The speech ended, applause broke out, and people returned to quietly chatting, drinking coffee and smoking nargileh.

People watch Mahmoud Abbas made his speech at the UN (photo by David Shaw)

As he sat in the café with his friends, Hani Joha, 23, said he was relatively happy with the speech and the bid.  “As a beginning this is good” he told me, “we need a Palestinian state to have our rights, the same as other people.”  He said his final ambition would not be to have a state on 1967 borders, but one that included all of historic Palestine.

His friends Mazen Ghanin, 20, and Ahmed Abu Kuwaik,22, felt that Israel would “hesitate” in future aggression against the Palestinian people because they would be scared of further alienating international public opinion.  They accepted little would change in the near future on the ground and expressed some concerns with Abbas’s speech; “he should have mentioned the right of return” said Mazen, steadily puffing his nargileh, “this is a key demand of all Palestinians.”

Despite Abbas’s rhetoric, the reality on the ground is making a two-state solution ever more unlikely.  Israel currently has direct military control over 82% of the West Bank; including the Jordan Valley, a precious water source they are unlikely to relinquish control over.  There are over 500,000 Israeli settlers living in the occupied Palestinian territory and the Israeli government is fiercely committed to building more settlements.

In Beyond Zionism, Jeff Halper argues that Israel has “moved beyond occupation, which is defined as a temporary military situation, and past Apartheid as well, to warehousing, the permanent if de-facto imprisonment of the Palestinian people in tiny, disconnected and impoverished enclaves.”  The proposed expansion of Ma’ale Adumin settlement could sever the West Bank in half, according to Israeli human rights organisation B’Tselem.  Israel’s blockade of Gaza is enforced by land, air and sea.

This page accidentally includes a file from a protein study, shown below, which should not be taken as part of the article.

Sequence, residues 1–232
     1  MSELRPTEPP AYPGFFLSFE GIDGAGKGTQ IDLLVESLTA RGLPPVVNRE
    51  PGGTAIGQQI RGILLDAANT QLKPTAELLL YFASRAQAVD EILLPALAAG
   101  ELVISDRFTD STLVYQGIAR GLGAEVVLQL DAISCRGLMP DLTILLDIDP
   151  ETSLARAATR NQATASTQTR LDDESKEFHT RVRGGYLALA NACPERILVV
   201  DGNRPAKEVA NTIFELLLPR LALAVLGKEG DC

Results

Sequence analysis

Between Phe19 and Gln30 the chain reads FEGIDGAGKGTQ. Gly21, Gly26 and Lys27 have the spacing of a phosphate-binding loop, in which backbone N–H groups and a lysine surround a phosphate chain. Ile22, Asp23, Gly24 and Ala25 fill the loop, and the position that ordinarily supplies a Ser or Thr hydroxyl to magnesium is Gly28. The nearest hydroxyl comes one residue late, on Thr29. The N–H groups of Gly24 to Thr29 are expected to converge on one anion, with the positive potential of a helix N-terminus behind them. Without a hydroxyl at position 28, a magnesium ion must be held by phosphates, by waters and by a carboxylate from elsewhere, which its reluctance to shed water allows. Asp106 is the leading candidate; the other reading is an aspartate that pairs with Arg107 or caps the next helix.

Mahmoud Abbas’s Palestinian Authority is officially pushing for a Palestinian state and calling for “peaceful popular resistance”, whilst at the same time collaborating with Israel on security and economic matters and standing-by helplessly as more Palestinian land is taken.  Journalist Amira Haas has written of “the transformation of the PA into the subcontractor of the IDF, the Civil Administration and Shin Bet security service”.  In contrast, Hamas has further bolstered its support recently, through its widely perceived defiance in resisting the Israeli offensive on Gaza.

In New York, the UN vote swiftly followed the speeches.  Out of the 193-member UN assembly, 138 countries voted in favour of the Palestinian initiative, with 41 abstaining (including Britain).  Nine countries voted against – Israel, the USA and Canada were joined by less formidable powers, such as Micronesia, Palau and the Marshall Islands.

Palestine had joined the Vatican City in the ranks of ‘non-member observer state’, and a Palestinian flag was unfurled on the floor of the UN.  Perhaps it is a move towards legitimacy for a future full, sovereign Palestinian state.  Certainly it enables Palestine to challenge alleged Israeli war crimes through bodies such the International Criminal Court.  After the vote, in the cafés and streets of Gaza City, the mood was muted.

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This entry was posted on November 30, 2012 by in Palestine and tagged .